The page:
October 8, 2020 Read More →

SEIA: U.S. corporate demand for solar power now tops 8,350MW, and more growth is coming

Renewables Now:

The US topped 8,350 MW of commercial solar capacity after over 1,280 MW was added by corporate players in 2019, with Apple, Amazon and Walmart being the biggest consumers of solar electricity.

The figures were published in a new report by the Solar Energy Industries Association (SEIA) that highlights the major role of corporations in terms of investments as they work to achieve their clean energy commitments. According to the statistics, the newly-added capacity in the commercial sector last year made 2019 the second largest year on record. Of the total capacity that was hooked to the grid by corporates last year, some 845 MW came from onsite systems.

SEIA’s annual report contains data for both on-site and off-site installations.

“Businesses are choosing solar energy because it can significantly curb their energy costs and add predictability during these uncertain times,” said SEIA’s president and CEO Abigail Ross Hopper. She went on to say that the corporate sector is expected to make even greater investments in solar as businesses look to address the climate crisis and reach clean energy goals.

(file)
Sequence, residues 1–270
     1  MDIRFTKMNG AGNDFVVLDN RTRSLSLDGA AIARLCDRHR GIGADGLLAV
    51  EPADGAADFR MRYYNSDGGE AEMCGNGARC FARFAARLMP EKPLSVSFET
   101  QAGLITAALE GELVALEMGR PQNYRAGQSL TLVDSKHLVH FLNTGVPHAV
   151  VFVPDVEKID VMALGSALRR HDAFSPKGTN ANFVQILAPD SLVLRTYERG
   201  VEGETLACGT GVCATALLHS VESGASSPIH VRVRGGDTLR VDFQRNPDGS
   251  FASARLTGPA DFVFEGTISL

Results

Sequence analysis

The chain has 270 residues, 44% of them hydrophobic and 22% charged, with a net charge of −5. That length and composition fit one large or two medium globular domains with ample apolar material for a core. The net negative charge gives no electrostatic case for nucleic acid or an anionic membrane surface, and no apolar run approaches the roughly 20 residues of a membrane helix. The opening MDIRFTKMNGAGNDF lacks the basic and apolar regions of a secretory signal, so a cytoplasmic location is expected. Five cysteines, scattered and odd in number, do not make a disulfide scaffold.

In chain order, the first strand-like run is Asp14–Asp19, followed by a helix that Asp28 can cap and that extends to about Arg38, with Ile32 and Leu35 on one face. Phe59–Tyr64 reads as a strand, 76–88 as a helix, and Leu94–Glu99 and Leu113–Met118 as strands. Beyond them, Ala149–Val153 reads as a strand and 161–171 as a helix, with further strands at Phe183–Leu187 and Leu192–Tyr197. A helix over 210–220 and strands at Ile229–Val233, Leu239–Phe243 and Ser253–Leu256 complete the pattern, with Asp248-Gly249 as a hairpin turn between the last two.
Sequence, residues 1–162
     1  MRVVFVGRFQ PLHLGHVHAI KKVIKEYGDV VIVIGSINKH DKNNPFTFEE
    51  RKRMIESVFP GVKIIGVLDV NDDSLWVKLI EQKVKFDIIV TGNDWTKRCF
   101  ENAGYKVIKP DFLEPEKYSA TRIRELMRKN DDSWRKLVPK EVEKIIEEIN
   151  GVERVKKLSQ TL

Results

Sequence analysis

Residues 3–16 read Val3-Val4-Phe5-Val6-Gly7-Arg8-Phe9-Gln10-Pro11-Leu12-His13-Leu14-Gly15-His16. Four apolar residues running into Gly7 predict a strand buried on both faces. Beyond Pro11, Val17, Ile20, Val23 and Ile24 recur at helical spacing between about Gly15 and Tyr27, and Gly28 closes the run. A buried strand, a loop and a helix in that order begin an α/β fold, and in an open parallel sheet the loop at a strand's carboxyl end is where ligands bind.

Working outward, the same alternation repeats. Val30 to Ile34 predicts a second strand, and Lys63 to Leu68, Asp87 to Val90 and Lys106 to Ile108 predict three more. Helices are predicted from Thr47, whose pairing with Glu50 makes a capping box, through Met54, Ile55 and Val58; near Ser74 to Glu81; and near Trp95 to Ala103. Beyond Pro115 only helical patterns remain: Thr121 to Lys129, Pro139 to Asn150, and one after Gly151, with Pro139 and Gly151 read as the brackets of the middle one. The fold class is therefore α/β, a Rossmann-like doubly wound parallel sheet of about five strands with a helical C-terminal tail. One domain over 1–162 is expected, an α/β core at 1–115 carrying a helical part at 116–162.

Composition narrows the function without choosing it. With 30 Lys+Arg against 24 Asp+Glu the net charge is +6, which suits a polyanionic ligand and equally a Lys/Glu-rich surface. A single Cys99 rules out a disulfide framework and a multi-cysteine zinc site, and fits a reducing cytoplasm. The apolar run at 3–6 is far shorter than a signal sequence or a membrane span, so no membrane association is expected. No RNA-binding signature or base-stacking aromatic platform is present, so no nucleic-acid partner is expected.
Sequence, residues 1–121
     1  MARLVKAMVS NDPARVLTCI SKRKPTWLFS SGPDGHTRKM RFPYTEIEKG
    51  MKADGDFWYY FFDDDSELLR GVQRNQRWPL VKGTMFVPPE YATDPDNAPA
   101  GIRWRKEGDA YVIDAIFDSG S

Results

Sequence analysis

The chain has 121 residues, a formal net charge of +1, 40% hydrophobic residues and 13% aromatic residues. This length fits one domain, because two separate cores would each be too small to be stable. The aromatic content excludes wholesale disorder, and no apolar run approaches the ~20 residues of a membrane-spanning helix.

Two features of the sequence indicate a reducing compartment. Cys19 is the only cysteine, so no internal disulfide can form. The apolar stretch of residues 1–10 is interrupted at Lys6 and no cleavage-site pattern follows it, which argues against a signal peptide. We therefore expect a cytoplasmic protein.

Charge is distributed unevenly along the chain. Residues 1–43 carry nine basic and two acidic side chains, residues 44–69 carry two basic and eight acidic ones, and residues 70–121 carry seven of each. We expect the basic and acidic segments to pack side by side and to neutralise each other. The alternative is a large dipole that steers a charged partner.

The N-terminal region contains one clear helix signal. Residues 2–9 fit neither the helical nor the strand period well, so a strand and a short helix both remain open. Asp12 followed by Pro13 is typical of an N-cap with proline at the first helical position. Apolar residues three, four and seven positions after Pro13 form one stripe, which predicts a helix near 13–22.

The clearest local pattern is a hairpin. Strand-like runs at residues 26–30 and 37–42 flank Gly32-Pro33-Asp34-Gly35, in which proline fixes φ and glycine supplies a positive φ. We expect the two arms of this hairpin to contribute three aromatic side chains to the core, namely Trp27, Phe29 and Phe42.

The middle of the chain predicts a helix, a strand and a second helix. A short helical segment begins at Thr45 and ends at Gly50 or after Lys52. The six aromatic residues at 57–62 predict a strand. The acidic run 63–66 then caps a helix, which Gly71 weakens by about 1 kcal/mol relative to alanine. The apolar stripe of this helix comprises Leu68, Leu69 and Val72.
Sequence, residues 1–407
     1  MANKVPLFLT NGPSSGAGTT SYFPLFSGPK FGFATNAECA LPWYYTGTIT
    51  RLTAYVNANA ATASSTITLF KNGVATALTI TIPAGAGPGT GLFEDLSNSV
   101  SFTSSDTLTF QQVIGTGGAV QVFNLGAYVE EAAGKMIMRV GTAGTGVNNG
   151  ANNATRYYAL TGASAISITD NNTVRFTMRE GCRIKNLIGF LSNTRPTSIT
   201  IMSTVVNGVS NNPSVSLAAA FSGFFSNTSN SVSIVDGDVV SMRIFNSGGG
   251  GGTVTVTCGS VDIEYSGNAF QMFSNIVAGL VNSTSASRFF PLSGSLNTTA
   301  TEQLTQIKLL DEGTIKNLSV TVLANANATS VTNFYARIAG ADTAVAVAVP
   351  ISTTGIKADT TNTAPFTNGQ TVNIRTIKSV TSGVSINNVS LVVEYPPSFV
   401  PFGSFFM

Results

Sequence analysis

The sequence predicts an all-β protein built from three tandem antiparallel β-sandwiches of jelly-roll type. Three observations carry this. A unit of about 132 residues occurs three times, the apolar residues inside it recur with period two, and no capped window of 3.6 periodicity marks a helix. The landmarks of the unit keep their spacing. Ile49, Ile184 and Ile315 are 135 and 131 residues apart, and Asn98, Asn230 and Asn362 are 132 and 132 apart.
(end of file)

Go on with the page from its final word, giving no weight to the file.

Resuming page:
All corporate players are making strides towards their clean energy targets, some of them undertaking aggressive plans for the next decade. Among them are Google, which plans to run its data centres and corporate facilities on 100% carbon-free power by 2030 and Facebook, with its commitment to reaching net zero emissions across its value chain in 2030. The social media giant was one of the largest buyers of off-site solar in 2019 that helped it jump to the 9th spot in SEIA’s list from 27th before.

SEIA anticipates that around 5 GW of off-site commercial solar capacity will be brought live over the next few years as corporations continue to be “walking the walk when it comes to their clean energy commitments.”

[Veselina Petrova]

More: US corporate solar market swells to 8.3 GW, Apple remains on top

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